Polish School of Posters
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Beginning in the 1950s and through the 1980s, the Polish School of Posters combined the aesthetics of painting with the succinctness and simple metaphor of the poster. It developed characteristics such as painterly gesture, linear quality, and vibrant colors, as well as a sense of individual personality, humor, and fantasy. It was in this way that the polish poster was able to make the distinction between designer and artist less apparent.
Posters of the Polish School of Posters significantly influenced the international development of graphic design in poster art. Their major contribution is in their use of the power of suggestion through clever allusions. Using strong and vivid colors from folk art, they combine printed slogans, often hand-lettered, with popular symbols, to create a concise inventive metaphor. As a hybrid of words and images, these posters created a certain aesthetic tension.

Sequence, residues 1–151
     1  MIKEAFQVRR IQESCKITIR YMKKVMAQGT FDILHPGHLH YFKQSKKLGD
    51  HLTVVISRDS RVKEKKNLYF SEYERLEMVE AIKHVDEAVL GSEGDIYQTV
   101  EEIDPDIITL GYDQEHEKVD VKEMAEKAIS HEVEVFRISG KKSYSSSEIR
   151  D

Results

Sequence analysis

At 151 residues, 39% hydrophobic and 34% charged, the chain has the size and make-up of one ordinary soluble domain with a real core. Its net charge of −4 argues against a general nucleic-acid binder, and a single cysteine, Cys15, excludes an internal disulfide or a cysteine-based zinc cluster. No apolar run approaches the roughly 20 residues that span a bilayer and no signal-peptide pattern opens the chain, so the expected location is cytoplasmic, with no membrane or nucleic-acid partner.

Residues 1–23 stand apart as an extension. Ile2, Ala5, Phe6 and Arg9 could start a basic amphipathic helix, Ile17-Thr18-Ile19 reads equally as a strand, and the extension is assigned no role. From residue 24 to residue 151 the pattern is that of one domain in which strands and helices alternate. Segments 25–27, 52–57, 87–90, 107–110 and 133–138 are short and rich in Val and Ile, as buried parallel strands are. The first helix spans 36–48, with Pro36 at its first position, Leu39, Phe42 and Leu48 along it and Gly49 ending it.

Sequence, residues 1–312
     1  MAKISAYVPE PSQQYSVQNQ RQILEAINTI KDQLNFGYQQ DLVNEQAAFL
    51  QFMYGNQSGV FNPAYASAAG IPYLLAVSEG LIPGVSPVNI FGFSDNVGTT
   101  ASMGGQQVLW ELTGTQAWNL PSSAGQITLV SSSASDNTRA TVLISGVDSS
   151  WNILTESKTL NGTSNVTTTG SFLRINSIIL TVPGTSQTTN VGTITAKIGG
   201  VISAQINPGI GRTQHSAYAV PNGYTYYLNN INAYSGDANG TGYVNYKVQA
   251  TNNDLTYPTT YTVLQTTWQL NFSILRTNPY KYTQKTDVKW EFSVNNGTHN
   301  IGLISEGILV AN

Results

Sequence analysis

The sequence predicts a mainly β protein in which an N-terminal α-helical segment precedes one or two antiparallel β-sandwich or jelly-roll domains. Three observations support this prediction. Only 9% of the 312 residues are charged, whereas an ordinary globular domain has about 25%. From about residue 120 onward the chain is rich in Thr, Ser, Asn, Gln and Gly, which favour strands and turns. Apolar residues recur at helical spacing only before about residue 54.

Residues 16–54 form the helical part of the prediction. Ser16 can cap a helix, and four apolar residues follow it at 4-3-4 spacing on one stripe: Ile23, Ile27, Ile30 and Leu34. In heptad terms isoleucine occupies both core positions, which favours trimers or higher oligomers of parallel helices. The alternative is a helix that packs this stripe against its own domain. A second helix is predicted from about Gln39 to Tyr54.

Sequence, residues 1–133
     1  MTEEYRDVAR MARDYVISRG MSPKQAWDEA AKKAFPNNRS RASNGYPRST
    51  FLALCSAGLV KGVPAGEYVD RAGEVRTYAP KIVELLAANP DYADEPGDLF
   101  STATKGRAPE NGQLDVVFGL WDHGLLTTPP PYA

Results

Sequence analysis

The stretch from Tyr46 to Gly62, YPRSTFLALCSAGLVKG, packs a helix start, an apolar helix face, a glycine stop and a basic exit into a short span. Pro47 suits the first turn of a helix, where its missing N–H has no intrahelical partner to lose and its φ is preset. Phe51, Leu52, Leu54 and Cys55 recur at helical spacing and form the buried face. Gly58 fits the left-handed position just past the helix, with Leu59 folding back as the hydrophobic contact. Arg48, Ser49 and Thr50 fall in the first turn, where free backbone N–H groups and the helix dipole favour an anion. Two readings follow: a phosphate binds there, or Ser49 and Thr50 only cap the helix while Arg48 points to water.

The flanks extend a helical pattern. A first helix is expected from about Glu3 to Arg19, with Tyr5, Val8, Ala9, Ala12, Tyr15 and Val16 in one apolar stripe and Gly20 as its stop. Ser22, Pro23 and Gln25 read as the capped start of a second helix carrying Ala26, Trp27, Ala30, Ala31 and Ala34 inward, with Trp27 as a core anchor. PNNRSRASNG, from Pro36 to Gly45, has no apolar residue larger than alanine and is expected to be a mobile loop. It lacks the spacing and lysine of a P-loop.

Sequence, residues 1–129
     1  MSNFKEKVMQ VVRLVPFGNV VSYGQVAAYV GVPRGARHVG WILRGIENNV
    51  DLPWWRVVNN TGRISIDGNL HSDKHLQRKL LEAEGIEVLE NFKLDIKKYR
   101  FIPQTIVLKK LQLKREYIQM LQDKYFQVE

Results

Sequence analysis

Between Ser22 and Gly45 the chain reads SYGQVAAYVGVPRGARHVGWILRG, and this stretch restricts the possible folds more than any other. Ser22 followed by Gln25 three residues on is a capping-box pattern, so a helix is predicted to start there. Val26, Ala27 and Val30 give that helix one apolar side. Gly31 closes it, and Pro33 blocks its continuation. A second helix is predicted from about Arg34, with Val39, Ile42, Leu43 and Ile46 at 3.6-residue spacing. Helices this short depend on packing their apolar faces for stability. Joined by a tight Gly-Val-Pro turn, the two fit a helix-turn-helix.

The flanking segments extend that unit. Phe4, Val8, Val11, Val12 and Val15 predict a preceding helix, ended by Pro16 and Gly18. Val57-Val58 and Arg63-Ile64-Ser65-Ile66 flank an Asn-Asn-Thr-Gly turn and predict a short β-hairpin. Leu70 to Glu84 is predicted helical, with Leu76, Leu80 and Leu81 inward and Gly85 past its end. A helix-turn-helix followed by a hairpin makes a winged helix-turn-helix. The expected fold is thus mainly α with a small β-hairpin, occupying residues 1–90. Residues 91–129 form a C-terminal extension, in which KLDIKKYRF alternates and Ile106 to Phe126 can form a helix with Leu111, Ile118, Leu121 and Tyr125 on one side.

In addition to aesthetic aspects, these posters were able to reveal the artist's emotional involvement with the subject. They did not solely exist as an objective presentation, rather they were also the artist's interpretation and commentary on the subject and on society.
Artists of The Polish School of Posters
- Roman Cieślewicz
- Wojciech Fangor
- Mieczyslaw Gorowski
- Tadeusz Jodlowski
- Jan Lenica
- Jan Mlodozeniec
- Józef Mroszczak
- Rafal Olbinski
- Franciszek Starowieyski
- Waldemar Świerzy
- Henryk Tomaszewski
- Maciej Urbaniec
- Wieslaw Walkuski
- Mieczyslaw Wasilewski
- Contemporary Polish Posters in Full Color, Dover Publications, Inc, New York, NY., 1979
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